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Shirley B. Wang

Mentor Spotlight

ABCT’s Spotlight on a Mentor program aims to highlight the diversity of excellent research mentors within the organization’s membership ranks. Our goal is to spotlight both promising and accomplished mentors across all levels of academic rank, area of specialization, and type of institution.

Shirley B. Wang (she/her/hers) is a 5th year PhD candidate in clinical psychology with a secondary in computational science and engineering at Harvard University. She has been funded by the National Science Foundation Graduate Research Fellowship and the National Institutes of Health F31/NRSA Predoctoral Fellowship. Shirley conducts computational clinical science research to advance our understanding of why people engage in behaviors that are harmful to themselves, including eating disorder behaviors, nonsuicidal self-injury, and suicide. She is particularly interested in mathematical modeling of these phenomena as dynamic systems. 

Shirley has published over 40 scientific papers and book chapters and developed an R package for taxometric analysis available on CRAN. Her work has been recognized through several awards, including the 2020 Society for a Science of Clinical Psychology Outstanding Student Researcher Award and the 2018 APA Early Graduate Student Researcher Award. She serves on the editorial boards of International Journal of Eating Disorders, Eating Disorders: Journal of Treatment and Prevention, and Eating and Weight Disorders. Shirley is passionate about mentorship and finds immense joy in working with research assistants and supervising senior thesis projects. She strongly values diversity, inclusion, and belonging, and is committed to promoting these values in mentorship, research, academia, clinical practice, and beyond. 

On mentoring: I care deeply about mentorship and providing students and research assistants with opportunities to get hands-on experience with research. Working with students is one of the most rewarding aspects of academia. There’s nothing better than helping someone to develop, execute, and disseminate their own research projects!

My mentorship style is strongly influenced by many amazing mentors I’ve had at all career stages. My undergraduate mentors, Ashley Borders and John Ruscio, invested an incredible amount of time introducing me to clinical and quantitative psychology research. They showed me the importance of making time for dedicated mentorship at early stages of training. At the end of college, I had the immense fortune to be paired (via an early career mentorship program) with Annie Haynos, who was instrumental in helping me apply for PhD programs and fellowships. As a first-year grad student, I shared an office with the brilliant Kathryn Fox, who quickly became a close friend and advanced grad student mentor. Both Annie and Kathryn immersed me in many research projects, looped me into new collaborations, and showed me that good mentorship and collaboration requires genuine caring and kindness, alongside deep, careful, and critical engagement with ideas. As a grad student, I’ve been immensely lucky to be mentored by Matthew Nock, as well as Jennifer Thomas and Kamryn Eddy – all visionaries leading the fields of suicide and eating disorders research, who are constant sources of inspiration and support. I’m also indebted to many other mentors, including Carlos Grilo, Joanna Herres, and Beth Frenkel, who provided invaluable guidance at critical points throughout my training. It truly takes a village, and I encourage the students I work with to seek out multiple mentors as well!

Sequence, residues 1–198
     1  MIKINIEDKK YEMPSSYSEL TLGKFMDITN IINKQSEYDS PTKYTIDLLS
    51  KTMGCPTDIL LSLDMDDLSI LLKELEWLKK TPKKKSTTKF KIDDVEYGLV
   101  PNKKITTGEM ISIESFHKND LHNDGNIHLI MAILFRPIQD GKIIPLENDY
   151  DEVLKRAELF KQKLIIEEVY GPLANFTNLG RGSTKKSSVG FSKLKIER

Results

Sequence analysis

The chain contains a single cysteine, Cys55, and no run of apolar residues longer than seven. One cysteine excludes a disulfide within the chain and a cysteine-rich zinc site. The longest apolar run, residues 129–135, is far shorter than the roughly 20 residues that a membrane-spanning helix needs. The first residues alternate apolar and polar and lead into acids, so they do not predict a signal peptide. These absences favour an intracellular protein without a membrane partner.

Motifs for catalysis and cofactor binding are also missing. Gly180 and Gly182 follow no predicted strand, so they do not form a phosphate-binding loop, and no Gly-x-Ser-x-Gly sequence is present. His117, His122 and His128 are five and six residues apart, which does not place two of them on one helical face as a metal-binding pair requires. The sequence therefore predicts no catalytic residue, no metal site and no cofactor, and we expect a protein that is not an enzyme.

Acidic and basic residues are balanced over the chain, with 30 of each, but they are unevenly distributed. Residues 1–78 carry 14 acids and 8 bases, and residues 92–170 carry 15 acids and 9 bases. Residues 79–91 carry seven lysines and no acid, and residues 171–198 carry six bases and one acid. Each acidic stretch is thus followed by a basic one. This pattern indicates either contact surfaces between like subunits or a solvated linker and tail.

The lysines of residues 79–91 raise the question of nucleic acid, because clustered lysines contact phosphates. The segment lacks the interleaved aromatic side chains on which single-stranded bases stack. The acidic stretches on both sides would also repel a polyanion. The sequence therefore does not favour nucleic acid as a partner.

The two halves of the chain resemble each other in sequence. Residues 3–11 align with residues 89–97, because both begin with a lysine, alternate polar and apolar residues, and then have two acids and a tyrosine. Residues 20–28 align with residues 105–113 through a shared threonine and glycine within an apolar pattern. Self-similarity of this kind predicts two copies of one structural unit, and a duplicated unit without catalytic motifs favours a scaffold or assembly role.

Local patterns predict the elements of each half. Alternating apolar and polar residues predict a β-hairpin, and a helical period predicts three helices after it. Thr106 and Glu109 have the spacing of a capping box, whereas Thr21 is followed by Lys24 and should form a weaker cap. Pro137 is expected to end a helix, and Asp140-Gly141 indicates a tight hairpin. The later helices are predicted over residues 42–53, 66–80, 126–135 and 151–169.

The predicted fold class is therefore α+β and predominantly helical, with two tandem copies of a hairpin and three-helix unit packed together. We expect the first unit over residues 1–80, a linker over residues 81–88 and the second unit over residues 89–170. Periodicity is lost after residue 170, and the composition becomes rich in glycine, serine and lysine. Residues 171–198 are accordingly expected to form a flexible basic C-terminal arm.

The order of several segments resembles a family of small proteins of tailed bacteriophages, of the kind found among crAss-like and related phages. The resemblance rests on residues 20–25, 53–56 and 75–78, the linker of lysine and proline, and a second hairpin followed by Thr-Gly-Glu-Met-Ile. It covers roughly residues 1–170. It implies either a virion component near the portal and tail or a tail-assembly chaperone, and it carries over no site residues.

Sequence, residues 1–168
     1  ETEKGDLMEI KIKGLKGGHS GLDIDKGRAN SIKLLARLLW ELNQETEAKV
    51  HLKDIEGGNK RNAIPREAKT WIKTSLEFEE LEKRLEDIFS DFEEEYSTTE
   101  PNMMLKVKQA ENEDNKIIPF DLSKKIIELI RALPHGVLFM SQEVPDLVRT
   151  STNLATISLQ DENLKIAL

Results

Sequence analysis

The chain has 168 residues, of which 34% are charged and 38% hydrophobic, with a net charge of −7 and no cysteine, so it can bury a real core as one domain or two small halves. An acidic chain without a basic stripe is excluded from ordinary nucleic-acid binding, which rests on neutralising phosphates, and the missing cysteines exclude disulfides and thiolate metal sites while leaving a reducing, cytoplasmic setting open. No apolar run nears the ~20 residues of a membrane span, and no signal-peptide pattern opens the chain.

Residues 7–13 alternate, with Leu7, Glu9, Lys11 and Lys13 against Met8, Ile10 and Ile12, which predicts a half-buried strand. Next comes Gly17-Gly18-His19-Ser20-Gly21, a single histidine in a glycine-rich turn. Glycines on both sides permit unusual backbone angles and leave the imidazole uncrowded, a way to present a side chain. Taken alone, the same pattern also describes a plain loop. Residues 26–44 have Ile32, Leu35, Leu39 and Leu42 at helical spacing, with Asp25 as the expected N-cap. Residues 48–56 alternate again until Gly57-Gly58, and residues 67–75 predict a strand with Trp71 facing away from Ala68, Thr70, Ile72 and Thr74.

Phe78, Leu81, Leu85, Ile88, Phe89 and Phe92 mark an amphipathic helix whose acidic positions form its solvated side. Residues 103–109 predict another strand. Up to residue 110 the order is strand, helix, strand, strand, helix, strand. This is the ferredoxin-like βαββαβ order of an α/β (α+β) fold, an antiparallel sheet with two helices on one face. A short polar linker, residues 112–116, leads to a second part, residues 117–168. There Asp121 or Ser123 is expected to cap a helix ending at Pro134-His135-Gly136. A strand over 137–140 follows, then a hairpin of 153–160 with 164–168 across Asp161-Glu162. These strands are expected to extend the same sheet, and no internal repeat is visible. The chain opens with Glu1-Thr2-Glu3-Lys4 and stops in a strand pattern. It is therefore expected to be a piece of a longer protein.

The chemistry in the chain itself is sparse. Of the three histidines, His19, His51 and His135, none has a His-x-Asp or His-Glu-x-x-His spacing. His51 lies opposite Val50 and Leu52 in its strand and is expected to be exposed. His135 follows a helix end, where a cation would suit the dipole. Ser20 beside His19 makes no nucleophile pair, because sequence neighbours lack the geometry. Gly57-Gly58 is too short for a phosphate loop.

Advice to future mentors: Figuring out how to be a good mentor can feel daunting, particularly as a grad student. For grad students, I recommend reflecting on the aspects of mentorship that you have valued most as a mentee and trying to promote these values as a mentor yourself. I find it helpful to talk with students about their goals and expectations, make time to regularly check in, and encourage asking questions and sharing concerns/struggles. In addition, I encourage thinking outside the box in terms of the structure and function of mentorship. As an Asian American and the daughter of immigrants, I am so grateful for the mentorship I’ve received, and deeply committed to ensuring that psychology is open to all people – particularly those from marginalized and historically underrepresented backgrounds. To this end, I believe that advocating on behalf of students, embracing new mentorship models, and extending mentorship opportunities beyond one’s own departments can be important ways to promote diversity, inclusion, and belongingness in our field and make the most meaningful impact.

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